I’ve read that GRRM intended to include a time jump between the action in ASoS and when AFfC was due to pickup, but realized that while that gap would work well for characters like Ayra and Bran, it would be less useful for other important characters like Jon Snow and those in King’s Landing because the readers couldn’t be expected to believe that nothing happened in that interim (and writing that many flashbacks was unproductive).

Then of course, he decided to break up his monster manuscript geographically instead of chronologically, which is an interesting choice, but resulted in my being separated from most of my favorite characters who found themselves outside of Westeros proper at the end of book three.

Sidebar: Tyrion! Oh, how I missed Tyrion.

So what we got was filler. A LOT of filler. Most of which I couldn’t be bothered to care much about. The Greyjoy succession plot? Meh. Pretty much everything that happens in Dorne? Bleh. I think part of the problem is that none of the POV characters in this book is particularly witty. A Song of Ice and Fire is a dense story, with a lot of violence and gore, which is why I think characters like Tyrion, Bronn, and the Queen of Thorns are fan favorites (anyone else adore Lady Olenna? She’s basically a hybrid of Lady Violet from Downton Abbey and nearly every character Judi Dench has played, which is to say: perfection)—you need a bit of sass (sometimes a LOT of sass) to balance out all of the depressing deaths and humorless characters.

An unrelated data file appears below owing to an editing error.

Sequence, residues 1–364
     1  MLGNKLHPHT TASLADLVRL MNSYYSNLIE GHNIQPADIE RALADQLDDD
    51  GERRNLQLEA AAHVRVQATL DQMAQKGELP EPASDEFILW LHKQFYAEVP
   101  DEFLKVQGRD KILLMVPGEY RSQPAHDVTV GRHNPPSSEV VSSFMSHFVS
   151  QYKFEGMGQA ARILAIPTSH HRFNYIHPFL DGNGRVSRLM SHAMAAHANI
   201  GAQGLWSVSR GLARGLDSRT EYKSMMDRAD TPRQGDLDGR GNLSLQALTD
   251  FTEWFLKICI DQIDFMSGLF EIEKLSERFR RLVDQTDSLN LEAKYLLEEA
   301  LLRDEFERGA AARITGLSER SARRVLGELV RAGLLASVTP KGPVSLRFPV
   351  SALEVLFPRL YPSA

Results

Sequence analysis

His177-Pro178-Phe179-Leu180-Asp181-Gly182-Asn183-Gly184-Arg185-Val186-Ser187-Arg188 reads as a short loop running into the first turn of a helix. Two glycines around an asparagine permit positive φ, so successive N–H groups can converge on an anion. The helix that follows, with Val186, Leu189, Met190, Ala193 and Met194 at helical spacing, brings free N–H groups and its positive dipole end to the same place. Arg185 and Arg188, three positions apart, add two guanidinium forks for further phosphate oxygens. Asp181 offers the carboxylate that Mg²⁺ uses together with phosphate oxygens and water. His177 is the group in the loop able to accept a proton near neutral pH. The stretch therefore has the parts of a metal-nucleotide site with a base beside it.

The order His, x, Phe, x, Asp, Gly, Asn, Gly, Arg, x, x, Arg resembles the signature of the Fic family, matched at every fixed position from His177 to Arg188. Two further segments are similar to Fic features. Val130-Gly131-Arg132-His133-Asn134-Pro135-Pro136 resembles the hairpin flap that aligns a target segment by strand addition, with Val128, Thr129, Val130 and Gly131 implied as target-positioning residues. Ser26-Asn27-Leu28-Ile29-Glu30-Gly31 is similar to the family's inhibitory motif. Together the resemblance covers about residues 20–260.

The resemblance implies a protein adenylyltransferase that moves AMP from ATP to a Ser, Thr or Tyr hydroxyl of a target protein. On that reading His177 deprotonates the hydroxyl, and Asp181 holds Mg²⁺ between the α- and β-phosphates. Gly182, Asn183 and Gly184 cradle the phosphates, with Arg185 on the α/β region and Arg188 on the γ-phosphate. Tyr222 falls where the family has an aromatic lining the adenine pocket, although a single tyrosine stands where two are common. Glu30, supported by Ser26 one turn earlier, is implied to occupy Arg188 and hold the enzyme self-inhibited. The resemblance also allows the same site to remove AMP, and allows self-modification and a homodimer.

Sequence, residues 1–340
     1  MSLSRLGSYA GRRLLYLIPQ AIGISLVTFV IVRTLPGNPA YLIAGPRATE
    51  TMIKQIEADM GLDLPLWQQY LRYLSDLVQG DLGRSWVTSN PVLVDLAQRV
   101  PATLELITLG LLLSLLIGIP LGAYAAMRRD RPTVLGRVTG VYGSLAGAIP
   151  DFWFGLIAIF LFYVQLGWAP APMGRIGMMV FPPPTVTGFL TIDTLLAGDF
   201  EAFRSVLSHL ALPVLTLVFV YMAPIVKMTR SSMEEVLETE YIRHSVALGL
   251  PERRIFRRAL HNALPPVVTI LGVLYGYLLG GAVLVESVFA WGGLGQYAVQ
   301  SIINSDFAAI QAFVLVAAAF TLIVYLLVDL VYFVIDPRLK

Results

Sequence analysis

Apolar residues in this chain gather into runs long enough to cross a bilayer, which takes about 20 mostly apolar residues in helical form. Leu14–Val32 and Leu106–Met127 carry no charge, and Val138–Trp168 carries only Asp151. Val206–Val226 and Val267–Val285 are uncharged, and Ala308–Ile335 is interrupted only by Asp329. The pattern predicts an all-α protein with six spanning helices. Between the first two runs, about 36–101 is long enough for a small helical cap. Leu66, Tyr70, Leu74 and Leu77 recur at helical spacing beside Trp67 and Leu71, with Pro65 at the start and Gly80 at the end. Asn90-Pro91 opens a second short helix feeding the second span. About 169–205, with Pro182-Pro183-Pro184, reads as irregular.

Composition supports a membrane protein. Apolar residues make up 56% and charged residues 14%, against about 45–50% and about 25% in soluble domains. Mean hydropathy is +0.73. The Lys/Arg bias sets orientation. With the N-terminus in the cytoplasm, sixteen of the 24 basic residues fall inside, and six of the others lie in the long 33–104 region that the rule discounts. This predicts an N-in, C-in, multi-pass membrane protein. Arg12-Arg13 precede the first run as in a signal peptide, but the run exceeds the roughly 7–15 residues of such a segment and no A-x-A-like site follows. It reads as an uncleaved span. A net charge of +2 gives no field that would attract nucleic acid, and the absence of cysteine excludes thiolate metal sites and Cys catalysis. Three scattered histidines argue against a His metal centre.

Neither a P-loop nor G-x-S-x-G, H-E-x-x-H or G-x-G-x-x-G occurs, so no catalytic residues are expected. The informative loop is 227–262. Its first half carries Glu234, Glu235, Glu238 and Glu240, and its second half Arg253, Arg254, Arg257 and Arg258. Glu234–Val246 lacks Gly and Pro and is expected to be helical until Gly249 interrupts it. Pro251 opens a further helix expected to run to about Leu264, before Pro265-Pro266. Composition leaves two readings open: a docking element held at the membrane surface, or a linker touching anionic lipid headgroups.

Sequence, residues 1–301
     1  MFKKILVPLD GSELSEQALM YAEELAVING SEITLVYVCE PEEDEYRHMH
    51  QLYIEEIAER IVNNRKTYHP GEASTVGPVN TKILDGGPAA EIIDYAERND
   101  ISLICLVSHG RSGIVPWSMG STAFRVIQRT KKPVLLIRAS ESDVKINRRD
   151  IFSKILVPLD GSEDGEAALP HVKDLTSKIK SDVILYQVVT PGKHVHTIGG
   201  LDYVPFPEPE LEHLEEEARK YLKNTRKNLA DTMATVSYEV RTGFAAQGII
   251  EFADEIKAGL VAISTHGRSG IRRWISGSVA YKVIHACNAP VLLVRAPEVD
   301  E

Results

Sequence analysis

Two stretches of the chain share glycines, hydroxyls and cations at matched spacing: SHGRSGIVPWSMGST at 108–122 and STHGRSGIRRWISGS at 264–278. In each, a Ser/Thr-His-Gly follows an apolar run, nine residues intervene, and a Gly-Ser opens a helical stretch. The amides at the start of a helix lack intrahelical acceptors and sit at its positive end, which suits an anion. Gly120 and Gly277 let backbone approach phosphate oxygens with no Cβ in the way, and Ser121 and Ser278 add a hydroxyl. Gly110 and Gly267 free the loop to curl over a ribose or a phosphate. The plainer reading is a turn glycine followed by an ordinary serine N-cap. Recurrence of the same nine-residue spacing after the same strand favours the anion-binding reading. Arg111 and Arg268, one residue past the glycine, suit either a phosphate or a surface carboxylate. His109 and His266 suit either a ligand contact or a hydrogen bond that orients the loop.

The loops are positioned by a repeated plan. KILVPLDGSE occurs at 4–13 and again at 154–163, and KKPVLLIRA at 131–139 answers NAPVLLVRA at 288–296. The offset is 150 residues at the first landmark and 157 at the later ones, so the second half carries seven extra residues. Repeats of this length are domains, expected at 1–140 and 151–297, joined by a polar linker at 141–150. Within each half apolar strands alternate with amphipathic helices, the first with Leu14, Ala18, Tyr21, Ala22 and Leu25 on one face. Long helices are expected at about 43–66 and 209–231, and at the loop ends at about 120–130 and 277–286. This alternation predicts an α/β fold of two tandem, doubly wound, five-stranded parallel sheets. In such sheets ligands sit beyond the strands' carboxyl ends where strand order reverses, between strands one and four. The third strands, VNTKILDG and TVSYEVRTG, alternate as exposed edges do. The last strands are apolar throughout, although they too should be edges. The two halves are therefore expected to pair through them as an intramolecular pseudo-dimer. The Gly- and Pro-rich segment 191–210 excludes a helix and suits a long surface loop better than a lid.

GRRM’s world building does continue to be incredible. To not only create a whole mythology/history but also keep it straight in your heard when writing thousands upon thousands of pages—it boggles my mind.